Jared Howard is a 45-year-old African-American man, who has worked as an IT project manager and lives in Hoboken, N.J., and like the Rev. Martin Luther King, he, too, has a dream. His dream is to open a restaurant, based on the three years he spend developing recipes. And he has partnered with a non-profit to make it happen.
A new non-profit venture, Good to Go, part of the James Beard Foundation (JBF) helped Howard open pop-up Honey Bunny for a 6-month residency at Market 57 Food Hall at 15th Street in the far west Chelsea. The partnership, which includes sponsorship from Pepsi-Dig In, is aimed to “drive business growth, and awareness of Black-owned restaurants and chefs,” according to Good to Go.
Showing his dedication, Howard interned to learn his craft for free, at certain Manhattan fine-dining eateries, Per Se, Gotham Restaurant and The Cecil. He juggled his IT job with his chef’s interning duties by taking vacation time, working weekends, and via catering events.
He became passionate about becoming a chef because of his fond recollections of dinner connecting with family back in Baltimore and visiting relatives in North Carolina.
A pop-up Honey Bunny at Market 57 in Chelsea is part of an effort to boost more African American chefs through a new James Beard Foundation non-profit program, Good to Go.
It operates as a pop-up window located in the tail end of Market 57, with a small sign to the left (look for it carefully; it can be missed) saying Honey Bunny. Market 57 is a food hall with about 15 food vendors including Nom Wah Tea Parlor and often-praised Thai eatery originally from Queens, Zaab Zaab.
Howard named it Honey Bunny, because that was his 11-year-old daughter’s Zaria’s nickname based on the cartoon Bugs Bunny’s wife.
James Beard Foundation Encourages Business Growth
Asked what this opportunity means to him, Howard replies, “Are you kidding me? A partnership with the James Beard Foundation is a once in a lifetime opportunity.” Not only does it provide the space and some staff support, but also offers media training, brand development and financial counseling.
The Good to Go program enables him to focus on the business side of the food industry, including writing a business plan, branding and refining the customer experience. It has also fostered partnerships between Honey Bunny and culinary brands such as McCormick Spice Company ,and Tabasco Inc, which has donated supplies.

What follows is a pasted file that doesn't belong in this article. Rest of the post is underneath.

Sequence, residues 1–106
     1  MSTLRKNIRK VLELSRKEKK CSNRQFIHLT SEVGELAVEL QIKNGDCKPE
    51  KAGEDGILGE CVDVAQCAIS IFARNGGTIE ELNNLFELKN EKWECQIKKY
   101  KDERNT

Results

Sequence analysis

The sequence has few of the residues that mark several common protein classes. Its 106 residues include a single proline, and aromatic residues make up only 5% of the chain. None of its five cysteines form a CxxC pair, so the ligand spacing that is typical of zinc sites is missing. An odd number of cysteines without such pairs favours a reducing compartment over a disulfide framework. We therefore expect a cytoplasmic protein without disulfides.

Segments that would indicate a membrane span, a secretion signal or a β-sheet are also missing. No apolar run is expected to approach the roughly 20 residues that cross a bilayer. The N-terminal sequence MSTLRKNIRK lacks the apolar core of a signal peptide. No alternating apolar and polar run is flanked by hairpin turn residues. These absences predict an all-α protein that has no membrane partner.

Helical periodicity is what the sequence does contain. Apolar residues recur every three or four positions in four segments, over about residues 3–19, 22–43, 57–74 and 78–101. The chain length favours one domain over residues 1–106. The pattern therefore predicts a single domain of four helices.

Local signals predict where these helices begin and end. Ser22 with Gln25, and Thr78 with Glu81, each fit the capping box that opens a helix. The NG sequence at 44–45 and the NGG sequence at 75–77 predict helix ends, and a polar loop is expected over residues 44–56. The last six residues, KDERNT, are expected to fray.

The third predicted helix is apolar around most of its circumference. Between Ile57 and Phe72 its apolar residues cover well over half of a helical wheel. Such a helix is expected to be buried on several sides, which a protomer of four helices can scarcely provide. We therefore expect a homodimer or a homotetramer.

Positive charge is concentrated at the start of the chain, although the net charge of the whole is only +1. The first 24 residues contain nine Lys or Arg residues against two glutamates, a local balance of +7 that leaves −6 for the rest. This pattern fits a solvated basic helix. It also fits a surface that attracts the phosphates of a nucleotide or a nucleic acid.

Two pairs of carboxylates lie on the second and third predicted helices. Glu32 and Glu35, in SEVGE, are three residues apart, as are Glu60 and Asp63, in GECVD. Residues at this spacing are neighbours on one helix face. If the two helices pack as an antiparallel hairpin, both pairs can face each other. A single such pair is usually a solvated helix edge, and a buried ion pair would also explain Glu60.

Having the James Beard Foundation (JBF) support him reduced his start-up costs to a modest $1,000 to get Honey Bunny off the ground.
Why was Honey Bunny selected among the other applicants? Kris Moon, president and chief operating officer of the James Beard Foundation, noted that Howard had already executed several pop-up eateries and he seemed primed to transition into a brick-and-mortar location.
The goal, Moon notes, is that by the time the residency ends, chef Howard “will feel prepared to take that next step (if he wishes), having had the opportunity to flesh out recipes, menu pricing, branding, and other key business elements.”
Mid-Atlantic-Inspired Comfort Food
Howard describes the crux of the menu as “mid-Atlantic-inspired comfort food.” Honey Bunny’s food specializes in Maryland fried chicken, Chesapeake seafood burger (a crab shrimp patty), buttermilk Caesar salad, and banana pudding.
The menu is streamlined with only a handful of items, understandable given its limited space and area for food preparation. Nonetheless, the menu has endured several revisions, taking in consumer feedback.
What makes the taste of his fried chicken distinctive is its being “brined in hot sauce and finished with a dusting of Old Bay seasoning,” chef Howard revealed.
The exposure at Market 57 has lifted its brand awareness “which has doubled and tripled since we started here,” he says. “It’s taken us from the concept stage and turned it into a business,” he adds.
Howard has learned about profit and loss statements, supply chain costs, developing a business model, all of which, he hopes, will enable him to attract investors.
Next Stage: Find Investors
After his six-month residency ends on March 1, 2024, the next step will be finding investors to open a brick-and-mortar Honey Bunny, not just a pop-up. He’d prefer to stay in the Chelsea area where he has built up its brand’s name, but he’s flexible and could end up anywhere.
Starting in March 2024 “I’ll start talking to investors and gauging their interest, “ he says. Opening a tiny retail eatery in Manhattan can cost a quarter of a million dollars and upwards.
What will it take to open a brick-and-mortar eatery? Howard says, “It takes lawyers, marketing staff, everything has to hit at the same time. You need more than silent investors; you need a team with different skills including a chef, a branding manager, a general manager.” It takes a village.